Article

Loss-of-function variants in the filaggrin gene are a significant risk factor for peanut allergy.

Epithelial Genetics Group, Division of Molecular Medicine, University of Dundee, Dundee, United Kingdom.
The Journal of allergy and clinical immunology (Impact Factor: 12.05). 03/2011; 127(3):661-7. DOI: 10.1016/j.jaci.2011.01.031
Source: PubMed

ABSTRACT IgE-mediated peanut allergy is a complex trait with strong heritability, but its genetic basis is currently unknown. Loss-of-function mutations within the filaggrin gene are associated with atopic dermatitis and other atopic diseases; therefore, filaggrin is a candidate gene in the etiology of peanut allergy.
To investigate the association between filaggrin loss-of-function mutations and peanut allergy.
Case-control study of 71 English, Dutch, and Irish oral food challenge-positive patients with peanut allergy and 1000 non peanut-sensitized English population controls. Replication was tested in 390 white Canadian patients with peanut allergy (defined by food challenge, or clinical history and skin prick test wheal to peanut ≥ 8 mm and/or peanut-specific IgE ≥ 15 kUL(-1)) and 891 white Canadian population controls. The most prevalent filaggrin loss-of-function mutations were assayed in each population: R501X and 2282del4 in the Europeans, and R501X, 2282del4, R2447X, and S3247X in the Canadians. The Fisher exact test and logistic regression were used to test for association; covariate analysis controlled for coexistent atopic dermatitis.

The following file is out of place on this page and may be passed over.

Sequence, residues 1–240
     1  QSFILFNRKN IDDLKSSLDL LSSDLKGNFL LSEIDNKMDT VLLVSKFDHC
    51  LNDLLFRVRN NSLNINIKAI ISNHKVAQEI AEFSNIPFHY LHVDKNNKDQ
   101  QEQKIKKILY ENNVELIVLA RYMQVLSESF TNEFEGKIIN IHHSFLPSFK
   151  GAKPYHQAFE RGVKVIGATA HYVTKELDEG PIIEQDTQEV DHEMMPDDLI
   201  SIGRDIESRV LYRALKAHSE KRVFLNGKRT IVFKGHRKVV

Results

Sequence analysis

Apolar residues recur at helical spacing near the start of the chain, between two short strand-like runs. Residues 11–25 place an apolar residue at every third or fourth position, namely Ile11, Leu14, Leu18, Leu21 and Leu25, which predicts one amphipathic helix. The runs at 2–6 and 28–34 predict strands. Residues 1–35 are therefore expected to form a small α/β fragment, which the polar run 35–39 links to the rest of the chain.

Filaggrin loss-of-function mutations showed a strong and significant association with peanut allergy in the food challenge-positive patients (P = 3.0 × 10(-6); odds ratio, 5.3; 95% CI, 2.8-10.2), and this association was replicated in the Canadian study (P = 5.4 × 10(-5); odds ratio, 1.9; 95% CI, 1.4-2.6). The association of filaggrin mutations with peanut allergy remains significant (P = .0008) after controlling for coexistent atopic dermatitis.
Filaggrin mutations represent a significant risk factor for IgE-mediated peanut allergy, indicating a role for epithelial barrier dysfunction in the pathogenesis of this disease.

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